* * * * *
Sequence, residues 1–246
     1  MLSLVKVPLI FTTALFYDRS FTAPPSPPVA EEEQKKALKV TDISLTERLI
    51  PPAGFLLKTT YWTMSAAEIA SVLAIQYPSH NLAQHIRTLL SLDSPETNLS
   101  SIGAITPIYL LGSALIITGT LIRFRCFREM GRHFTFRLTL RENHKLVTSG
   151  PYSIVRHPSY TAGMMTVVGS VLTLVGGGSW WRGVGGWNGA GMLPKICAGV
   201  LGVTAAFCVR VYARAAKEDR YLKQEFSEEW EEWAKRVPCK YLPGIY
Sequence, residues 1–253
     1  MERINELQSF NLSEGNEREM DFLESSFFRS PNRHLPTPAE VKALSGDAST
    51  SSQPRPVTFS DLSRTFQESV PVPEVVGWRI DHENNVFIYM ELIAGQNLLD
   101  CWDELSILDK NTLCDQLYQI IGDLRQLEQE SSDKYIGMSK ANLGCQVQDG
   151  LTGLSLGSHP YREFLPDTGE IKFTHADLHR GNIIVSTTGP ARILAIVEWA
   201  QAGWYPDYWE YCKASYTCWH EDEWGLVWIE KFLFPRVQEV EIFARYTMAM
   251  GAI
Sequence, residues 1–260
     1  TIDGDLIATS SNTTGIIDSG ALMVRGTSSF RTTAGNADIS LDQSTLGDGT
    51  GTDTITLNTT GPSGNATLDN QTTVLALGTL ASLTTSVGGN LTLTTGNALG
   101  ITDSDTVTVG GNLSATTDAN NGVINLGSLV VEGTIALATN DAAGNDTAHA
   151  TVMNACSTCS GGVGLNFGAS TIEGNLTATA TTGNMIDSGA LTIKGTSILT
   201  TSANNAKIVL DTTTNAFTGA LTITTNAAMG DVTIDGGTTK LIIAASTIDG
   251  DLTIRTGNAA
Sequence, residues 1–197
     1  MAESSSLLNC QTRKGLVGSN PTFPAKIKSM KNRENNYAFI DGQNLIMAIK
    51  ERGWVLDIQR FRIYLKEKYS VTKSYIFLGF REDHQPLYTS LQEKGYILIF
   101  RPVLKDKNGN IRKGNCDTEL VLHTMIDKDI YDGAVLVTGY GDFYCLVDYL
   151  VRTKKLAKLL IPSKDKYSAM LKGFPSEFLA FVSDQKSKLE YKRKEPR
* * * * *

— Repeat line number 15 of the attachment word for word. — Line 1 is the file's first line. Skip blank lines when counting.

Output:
     1  TIDGDLIATS SNTTGIIDSG ALMVRGTSSF RTTAGNADIS LDQSTLGDGT